For Tenants, What You Know Before You Negotiate is Key

June 2003 – By Jack Garson. Print Article

You’re moving your business or renewing your current lease. You want the best deal possible.

Who doesn’t? The question is, how do you get the best deal possible?

The short answer: understand your landlord, know the market, determine your requirements, and bargain accordingly.

First, what does your landlord want?

He wants to see the money.

Nearly every landlord is most concerned with your ability to pay the rent. You need to demonstrate that your business generates sufficient income to pay the rent (the income analysis) and that you have sufficient assets net of your debt available to the landlord if you don’t pay the rent (the net worth analysis).

The landlord may request copies of your operating statement, which shows your income, expenses and net profit, for one or more recent years. To determine your net worth, the landlord may ask for your balance sheet, which shows all of your assets, liabilities and net worth. Businesses that don’t have these financial statements often provide recent tax returns.


Many landlords are also concerned about the compatibility of your business with other tenants and with the image of the property. Some landlords, for example, welcome a restaurant. The restaurant provides an amenity to other nearby tenants, pays a relatively high rent, and may even add prestige to the building. Yet other landlords might view a restaurant as a rodent and roach magnet that generates odors, trash and noisy, drunken patrons.

Likewise, one landlord might favorably view a doctor as a stable tenant who traditionally pays high rent and usually wants to renew the lease to avoid moving patients. Another landlord, however, may consider doctors to be too much trouble because they usually require more plumbing and power, and cause more wear and tear on the building because of all the patients. The bottom line is that a landlord that wants your business is going to give you a better deal, and it pays to know his preferences.

What else matters to your landlord? The list is long, but some issues are more important than others:

  • Does your landlord have to spend money to prepare your premises? For many landlords, the less they have to take out of their own pocket, the better deal you will get.
  • How long a lease do you want? Generally, the longer the term, the better the deal (although when rents are unusually low, sometimes the reverse applies because the landlord does not want to lock-in a low rent).
  • How much vacant space does the landlord have? When a landlord has only one or two vacancies left, the landlord usually wants to maximize the rent and holds out for a better deal. When a landlord has a lot of vacancies, the landlord is concerned about a variety of problems, from getting revenue to paying the mortgage on the building, to avoiding the image that the building is undesirable.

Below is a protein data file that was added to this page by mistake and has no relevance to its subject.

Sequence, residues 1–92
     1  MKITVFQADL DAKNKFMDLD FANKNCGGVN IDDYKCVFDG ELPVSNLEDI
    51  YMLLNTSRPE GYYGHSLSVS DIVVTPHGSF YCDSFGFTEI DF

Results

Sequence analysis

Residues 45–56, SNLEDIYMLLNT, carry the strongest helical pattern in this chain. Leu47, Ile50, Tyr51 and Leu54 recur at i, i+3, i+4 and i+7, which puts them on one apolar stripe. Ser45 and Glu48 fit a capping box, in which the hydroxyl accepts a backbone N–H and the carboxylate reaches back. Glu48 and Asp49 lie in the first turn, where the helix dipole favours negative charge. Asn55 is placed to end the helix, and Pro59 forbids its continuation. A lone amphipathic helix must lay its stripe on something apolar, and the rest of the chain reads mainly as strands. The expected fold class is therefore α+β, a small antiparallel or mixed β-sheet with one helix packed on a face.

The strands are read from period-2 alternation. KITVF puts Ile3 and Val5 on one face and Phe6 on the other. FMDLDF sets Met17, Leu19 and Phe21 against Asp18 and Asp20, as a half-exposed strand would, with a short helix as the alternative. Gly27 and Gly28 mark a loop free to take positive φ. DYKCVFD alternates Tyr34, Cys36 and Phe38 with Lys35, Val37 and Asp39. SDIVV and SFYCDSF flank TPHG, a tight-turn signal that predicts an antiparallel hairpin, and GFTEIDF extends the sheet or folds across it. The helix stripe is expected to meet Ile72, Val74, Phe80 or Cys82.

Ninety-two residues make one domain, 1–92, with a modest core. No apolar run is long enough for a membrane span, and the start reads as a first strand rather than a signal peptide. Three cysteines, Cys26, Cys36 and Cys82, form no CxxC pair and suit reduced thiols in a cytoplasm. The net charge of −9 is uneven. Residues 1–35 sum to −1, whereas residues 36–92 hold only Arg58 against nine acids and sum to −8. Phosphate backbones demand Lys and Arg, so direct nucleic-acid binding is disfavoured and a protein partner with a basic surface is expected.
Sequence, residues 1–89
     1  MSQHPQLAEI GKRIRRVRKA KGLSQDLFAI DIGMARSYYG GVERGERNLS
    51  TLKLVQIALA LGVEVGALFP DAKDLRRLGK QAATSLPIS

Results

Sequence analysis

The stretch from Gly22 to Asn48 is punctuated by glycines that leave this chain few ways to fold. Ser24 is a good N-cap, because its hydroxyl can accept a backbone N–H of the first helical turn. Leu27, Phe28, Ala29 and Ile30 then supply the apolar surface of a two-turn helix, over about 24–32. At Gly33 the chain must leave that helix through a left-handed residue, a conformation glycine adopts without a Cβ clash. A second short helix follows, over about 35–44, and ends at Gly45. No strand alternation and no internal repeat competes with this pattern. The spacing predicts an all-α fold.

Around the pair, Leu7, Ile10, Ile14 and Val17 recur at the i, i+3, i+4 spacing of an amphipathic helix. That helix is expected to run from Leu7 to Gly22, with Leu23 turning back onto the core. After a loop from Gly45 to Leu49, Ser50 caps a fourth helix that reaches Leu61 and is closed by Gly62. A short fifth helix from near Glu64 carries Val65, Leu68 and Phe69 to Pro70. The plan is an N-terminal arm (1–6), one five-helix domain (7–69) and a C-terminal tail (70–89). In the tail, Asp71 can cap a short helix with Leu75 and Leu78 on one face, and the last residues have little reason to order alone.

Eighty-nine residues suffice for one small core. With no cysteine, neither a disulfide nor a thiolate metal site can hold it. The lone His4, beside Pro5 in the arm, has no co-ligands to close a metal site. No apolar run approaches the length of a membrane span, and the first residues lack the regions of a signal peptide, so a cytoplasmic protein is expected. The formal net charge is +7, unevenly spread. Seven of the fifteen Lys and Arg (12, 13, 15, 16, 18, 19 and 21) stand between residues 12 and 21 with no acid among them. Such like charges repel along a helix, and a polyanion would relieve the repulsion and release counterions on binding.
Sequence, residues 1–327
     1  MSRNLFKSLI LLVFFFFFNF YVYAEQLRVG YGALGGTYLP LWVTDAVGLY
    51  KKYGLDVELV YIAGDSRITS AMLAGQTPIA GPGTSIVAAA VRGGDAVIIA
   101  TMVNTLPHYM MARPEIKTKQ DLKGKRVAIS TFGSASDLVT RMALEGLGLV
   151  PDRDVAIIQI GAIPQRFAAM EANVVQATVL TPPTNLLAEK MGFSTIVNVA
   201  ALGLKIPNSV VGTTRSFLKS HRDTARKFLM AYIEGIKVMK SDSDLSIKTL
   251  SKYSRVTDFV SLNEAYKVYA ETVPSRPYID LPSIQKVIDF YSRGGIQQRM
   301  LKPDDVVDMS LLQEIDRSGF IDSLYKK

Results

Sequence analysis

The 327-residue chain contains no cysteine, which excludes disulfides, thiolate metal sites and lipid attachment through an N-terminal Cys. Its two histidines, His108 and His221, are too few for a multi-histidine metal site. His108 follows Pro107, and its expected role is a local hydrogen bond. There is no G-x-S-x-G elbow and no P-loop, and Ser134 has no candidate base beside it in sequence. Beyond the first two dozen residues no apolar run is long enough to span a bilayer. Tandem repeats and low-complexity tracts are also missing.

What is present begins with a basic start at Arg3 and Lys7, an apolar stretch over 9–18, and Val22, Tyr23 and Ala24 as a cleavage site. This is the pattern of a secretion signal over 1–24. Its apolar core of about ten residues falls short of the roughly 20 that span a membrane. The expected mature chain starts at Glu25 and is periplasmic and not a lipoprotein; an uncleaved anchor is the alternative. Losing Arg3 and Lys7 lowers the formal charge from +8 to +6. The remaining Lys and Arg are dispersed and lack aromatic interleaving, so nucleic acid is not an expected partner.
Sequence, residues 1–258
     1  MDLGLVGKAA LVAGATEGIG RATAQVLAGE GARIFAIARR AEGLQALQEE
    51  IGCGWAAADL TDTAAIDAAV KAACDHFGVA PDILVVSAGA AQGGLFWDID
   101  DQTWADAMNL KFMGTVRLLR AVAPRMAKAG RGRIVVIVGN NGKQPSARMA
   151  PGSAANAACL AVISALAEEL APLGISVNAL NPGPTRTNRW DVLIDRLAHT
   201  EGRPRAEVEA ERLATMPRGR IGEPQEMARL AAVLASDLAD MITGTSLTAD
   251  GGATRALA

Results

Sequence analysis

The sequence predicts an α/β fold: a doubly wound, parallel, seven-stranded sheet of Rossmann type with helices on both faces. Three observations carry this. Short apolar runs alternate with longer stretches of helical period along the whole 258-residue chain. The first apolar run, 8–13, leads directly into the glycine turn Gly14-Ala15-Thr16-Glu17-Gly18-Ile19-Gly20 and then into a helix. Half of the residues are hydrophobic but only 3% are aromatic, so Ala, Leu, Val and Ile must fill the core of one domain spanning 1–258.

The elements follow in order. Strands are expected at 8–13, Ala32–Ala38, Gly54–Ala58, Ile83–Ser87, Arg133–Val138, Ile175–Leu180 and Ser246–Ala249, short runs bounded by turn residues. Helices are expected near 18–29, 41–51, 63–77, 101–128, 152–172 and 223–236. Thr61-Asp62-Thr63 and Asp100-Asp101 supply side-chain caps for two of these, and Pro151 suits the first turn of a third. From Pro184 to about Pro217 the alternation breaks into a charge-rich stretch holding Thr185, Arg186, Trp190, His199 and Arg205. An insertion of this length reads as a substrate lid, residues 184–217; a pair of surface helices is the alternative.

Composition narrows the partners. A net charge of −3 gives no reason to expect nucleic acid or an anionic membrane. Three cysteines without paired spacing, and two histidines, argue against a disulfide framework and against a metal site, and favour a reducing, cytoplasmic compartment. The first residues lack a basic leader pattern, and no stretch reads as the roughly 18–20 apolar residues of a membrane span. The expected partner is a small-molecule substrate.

In short, if you understand what your landlord wants, you’re going to get a better deal.


But you also need to know the market. Like any negotiation, information is critical. Most importantly, you need to understand what other tenants are paying for comparable premises. That’s where an experienced broker can be invaluable.

Your broker can provide you with a survey of comparable premises, together with the major terms applicable to each premise available. These major terms typically include the rent on a per square foot basis, annual increases in the rent, the amount of square feet, any allowance the landlord is providing for constructing improvements to the premises, and the length of the term of the lease.

This is a good start, but you will probably need more information. For example, office space is typically priced at an amount per rentable or gross square foot (e.g., $30 per rentable square foot). However, the amount of space in your premises that you can see and use is the useable square feet. In contrast, the rentable or gross square feet include your pro rata share of the common areas of the building, such as hallways and lobby. This pro rata share is often called the core factor. The key is not whether you are paying a core factor because you almost always will. Rather, the key is comparing apples to apples.

In some buildings, your core factor will be 10% (this is good) and in other buildings, your core factor will be 20% (not as good). At $30 per square foot, that is a difference of $33.33/useable foot for space with a 10% core factor versus $37.50/useable foot for space with a 20% core factor. Knowing this information, you have the opportunity to negotiate a lower rent from the landlord with the higher core factor or recognize that you are getting the better deal from the landlord with the lower core factor. There’s more:

  • Do tenants pay for parking or is it free?
  • What expenses does a landlord typically pass through to a tenant?
  • Are landlords typically giving free rent at the beginning of a lease?
  • How much space do you really need?
  • Do you need expensive Class A space?
  • Can you save money by leasing a combination of office and warehouse space?
  • Can you commit to a long-term lease, or do your growth plans require that you only make short term commitments (or have an option to terminate your lease)?

With all of this information, you will know what your landlord requires, what your alternatives are, and what to ask for. Be sure to include a skillful negotiator on your team. Start early so you can weigh your alternatives. Get everything in writing.

Now you are on your way to getting the best deal from your landlord.

Jack Garson, is the founding principal of the law firm of Garson Law LLC in Bethesda, Maryland.

Jack Garson
Garson Law LLC
(240) 507-1750

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